Sticky Quotes (displaying: 1 - 30 of 46 quotes )
Um, Bella? You've got a huge cut on your forehead, and it's gushing blood," he informed me. I clapped my hand over my head. Sure enough, it was wet and sticky. I could smell nothing but the damp moss on my face, and that held off the nausea. Oh, I'm so sorry, Jacob." I pushed hard against the gash, as if I could force the blood back inside my head. Why are you apologizing for bleeding?" he wondered as he wrapped a long arm around my waist and and pulled me to my feet.
[Wendy has just become the Lost Boys' mother] Peter: Discipline. That's what fathers believe in. We must spank the children immediately before they try to kill you again. In fact, we should kill them. Wendy: Father. I agree that they are... perfectly horrid, but... kill them and they should think themselves... important. The Lost Boys: So important, Peter. Curly: And unique. Wendy: I, propose something far more dreadful. Medicine. The sticky, sweet kind. The Lost Boys: Kill us, Peter.
The Marie bit is easy enough to understand, then. The Laura thing takes a bit more explaining, but what it is, I think, is this: sentimental music has this great way of taking you back somewhere at the same time that it takes you forward, so you feel nostalgic and hopeful all at the same time. Marie’s the hopeful, forward part of it – maybe not her, necessarily, but somebody like her, somebody who can turn things around for me. (Exactly that: I always think that women are going to save me, lead me through to a better life, that they can change and redeem me.) And Laura’s the backward part, the last person I loved, and when I hear those sweet, sticky acoustic guitar chords I reinvent our time together, and, before I know it, we’re in the car trying to sing the harmonies on “Sloop John B” and getting it wrong and laughing. We never did that in real life. We never sang in the car, and we certainly never laughed when we got something wrong. This is why I shouldn’t be listening to pop music at the moment.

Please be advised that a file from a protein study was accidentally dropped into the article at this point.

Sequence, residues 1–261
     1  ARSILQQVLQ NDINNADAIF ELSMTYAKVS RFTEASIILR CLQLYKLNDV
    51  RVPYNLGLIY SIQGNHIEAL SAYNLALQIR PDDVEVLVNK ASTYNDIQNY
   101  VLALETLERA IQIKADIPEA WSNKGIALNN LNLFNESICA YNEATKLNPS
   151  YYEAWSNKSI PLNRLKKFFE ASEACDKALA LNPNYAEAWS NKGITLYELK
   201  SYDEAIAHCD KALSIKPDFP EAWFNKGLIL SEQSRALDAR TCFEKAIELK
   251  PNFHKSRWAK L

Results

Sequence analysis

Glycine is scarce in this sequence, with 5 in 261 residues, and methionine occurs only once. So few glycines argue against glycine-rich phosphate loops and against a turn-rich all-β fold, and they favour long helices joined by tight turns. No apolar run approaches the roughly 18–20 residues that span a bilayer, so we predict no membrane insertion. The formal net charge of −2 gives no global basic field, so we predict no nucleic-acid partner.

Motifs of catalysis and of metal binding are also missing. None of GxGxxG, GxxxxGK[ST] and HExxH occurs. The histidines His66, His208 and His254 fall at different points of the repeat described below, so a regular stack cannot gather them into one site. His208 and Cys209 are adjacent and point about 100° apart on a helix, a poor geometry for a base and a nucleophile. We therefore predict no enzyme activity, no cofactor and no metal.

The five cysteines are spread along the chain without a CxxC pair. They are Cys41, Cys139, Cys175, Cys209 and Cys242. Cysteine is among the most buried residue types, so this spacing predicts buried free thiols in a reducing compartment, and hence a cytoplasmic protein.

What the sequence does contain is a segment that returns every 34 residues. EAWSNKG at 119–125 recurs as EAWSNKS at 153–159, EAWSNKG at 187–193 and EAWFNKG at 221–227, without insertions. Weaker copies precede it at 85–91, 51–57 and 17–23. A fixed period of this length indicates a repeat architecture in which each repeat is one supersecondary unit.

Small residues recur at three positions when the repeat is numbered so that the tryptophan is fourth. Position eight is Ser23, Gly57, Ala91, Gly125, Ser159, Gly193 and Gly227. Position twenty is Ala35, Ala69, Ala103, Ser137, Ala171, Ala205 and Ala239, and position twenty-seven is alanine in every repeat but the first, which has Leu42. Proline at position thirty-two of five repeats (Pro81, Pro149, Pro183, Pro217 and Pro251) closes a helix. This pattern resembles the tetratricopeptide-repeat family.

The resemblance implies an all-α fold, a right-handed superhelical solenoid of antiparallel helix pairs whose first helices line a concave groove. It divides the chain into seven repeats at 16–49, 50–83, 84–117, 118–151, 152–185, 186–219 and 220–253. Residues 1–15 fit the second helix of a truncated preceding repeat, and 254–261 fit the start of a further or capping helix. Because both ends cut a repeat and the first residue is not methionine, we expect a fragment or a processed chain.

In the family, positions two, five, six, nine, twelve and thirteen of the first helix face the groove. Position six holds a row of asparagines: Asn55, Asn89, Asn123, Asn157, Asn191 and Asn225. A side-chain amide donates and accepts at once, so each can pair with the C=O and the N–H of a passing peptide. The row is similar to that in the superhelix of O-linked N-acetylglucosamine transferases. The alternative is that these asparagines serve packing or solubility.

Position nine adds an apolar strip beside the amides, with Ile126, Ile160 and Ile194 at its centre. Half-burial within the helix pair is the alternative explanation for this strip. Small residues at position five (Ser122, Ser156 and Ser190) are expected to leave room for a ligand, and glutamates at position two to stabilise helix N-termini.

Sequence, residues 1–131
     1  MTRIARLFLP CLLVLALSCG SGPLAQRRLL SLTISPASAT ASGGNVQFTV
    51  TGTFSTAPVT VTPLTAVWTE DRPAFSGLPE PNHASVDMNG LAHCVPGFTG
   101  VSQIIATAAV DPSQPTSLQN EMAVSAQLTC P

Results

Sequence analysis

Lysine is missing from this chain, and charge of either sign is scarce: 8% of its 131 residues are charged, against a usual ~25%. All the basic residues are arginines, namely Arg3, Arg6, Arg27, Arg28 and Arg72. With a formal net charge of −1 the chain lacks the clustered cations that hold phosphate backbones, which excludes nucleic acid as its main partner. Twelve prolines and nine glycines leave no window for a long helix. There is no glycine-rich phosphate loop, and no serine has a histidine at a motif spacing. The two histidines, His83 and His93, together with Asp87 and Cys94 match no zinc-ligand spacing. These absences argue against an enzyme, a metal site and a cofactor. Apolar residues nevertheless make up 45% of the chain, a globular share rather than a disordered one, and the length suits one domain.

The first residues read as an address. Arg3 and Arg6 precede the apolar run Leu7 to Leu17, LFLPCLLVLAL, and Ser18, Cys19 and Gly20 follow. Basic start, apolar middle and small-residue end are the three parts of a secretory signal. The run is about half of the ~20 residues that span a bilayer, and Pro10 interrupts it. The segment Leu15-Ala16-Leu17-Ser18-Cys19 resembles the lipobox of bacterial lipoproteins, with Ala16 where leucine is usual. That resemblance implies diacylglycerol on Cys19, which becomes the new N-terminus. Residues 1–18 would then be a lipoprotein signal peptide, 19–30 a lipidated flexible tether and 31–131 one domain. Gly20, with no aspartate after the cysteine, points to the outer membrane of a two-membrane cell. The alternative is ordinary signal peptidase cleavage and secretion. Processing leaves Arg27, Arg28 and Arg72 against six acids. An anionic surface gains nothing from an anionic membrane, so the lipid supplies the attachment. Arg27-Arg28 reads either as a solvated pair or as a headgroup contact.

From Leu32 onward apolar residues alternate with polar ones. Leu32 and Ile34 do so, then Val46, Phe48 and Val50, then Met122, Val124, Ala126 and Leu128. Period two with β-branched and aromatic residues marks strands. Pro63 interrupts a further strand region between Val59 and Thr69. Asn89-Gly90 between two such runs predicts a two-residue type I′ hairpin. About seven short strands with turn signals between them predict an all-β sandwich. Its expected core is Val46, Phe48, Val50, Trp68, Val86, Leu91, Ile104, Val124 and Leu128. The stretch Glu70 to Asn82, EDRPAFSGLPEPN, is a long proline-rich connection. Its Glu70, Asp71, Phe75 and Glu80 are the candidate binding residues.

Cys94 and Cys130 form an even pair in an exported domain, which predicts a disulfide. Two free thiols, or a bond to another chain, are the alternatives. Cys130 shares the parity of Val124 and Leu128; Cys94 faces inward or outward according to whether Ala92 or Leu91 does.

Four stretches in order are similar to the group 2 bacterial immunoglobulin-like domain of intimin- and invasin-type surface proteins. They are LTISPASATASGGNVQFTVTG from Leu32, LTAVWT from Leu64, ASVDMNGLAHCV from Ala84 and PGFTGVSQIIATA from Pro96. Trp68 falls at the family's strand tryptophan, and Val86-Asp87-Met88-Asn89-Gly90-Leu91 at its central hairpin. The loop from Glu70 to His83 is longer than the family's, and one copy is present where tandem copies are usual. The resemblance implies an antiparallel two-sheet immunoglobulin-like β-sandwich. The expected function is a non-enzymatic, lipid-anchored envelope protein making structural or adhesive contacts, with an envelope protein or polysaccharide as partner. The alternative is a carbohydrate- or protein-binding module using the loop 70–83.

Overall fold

Though I do not believe in the order of things, still the sticky little leaves that come out in the spring are dear to me, the blue sky is dear to me, some people are dear to me, whom one loves sometimes, would you believe it, without even knowing why; some human deeds are dear to me, which one has perhaps long ceased believing in, but still honors with one's heart, out of old habit..."--Ivan Karamazov
One day he trapped a large raven, whose wings he painted red, the breast green, and the tail blue. When a flock of ravens appeared over our hut, Lekh freed the painted bird. As soon as it joined the flock a desperate battle began. The changeling was attacked from all sides. Black, red, green, blue feathers began to drop at our feet. The ravens ran amuck in the skies, and suddenly the painted raven plummeted to the freshly-plowed soil. It was still alive, opening its beak and vainly trying to move its wings. Its eyes had been pecked out, and fresh blood streamed over its painted feathers. It made yet another attempt to flutter up from the sticky earth, but its strength was gone.
I wish those people who write so glibly about this being a holy War, and the orators who talk so much about going on no matter how long the War lasts and what it may mean, could see a case--to say nothing of 10 cases--of mustard gas in its early stages--could see the poor things burnt and blistered all over with great mustard-coloured suppurating blisters, with blind eyes--sometimes temporally, sometimes permanently--all sticky and stuck together, and always fighting for breath, with voices a mere whisper, saying that their throats are closing and they know they will choke.